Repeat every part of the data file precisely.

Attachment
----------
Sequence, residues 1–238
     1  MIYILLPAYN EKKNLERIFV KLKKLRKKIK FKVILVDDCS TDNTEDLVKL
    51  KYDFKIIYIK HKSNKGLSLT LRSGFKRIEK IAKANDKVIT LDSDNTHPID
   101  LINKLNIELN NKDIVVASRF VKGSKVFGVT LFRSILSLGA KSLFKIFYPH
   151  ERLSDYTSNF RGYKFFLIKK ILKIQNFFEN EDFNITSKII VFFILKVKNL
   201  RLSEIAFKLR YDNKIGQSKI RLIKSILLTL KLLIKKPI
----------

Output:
Sequence, residues 1–238
     1  MIYILLPAYN EKKNLERIFV KLKKLRKKIK FKVILVDDCS TDNTEDLVKL
    51  KYDFKIIYIK HKSNKGLSLT LRSGFKRIEK IAKANDKVIT LDSDNTHPID
   101  LINKLNIELN NKDIVVASRF VKGSKVFGVT LFRSILSLGA KSLFKIFYPH
   151  ERLSDYTSNF RGYKFFLIKK ILKIQNFFEN EDFNITSKII VFFILKVKNL
   201  RLSEIAFKLR YDNKIGQSKI RLIKSILLTL KLLIKKPI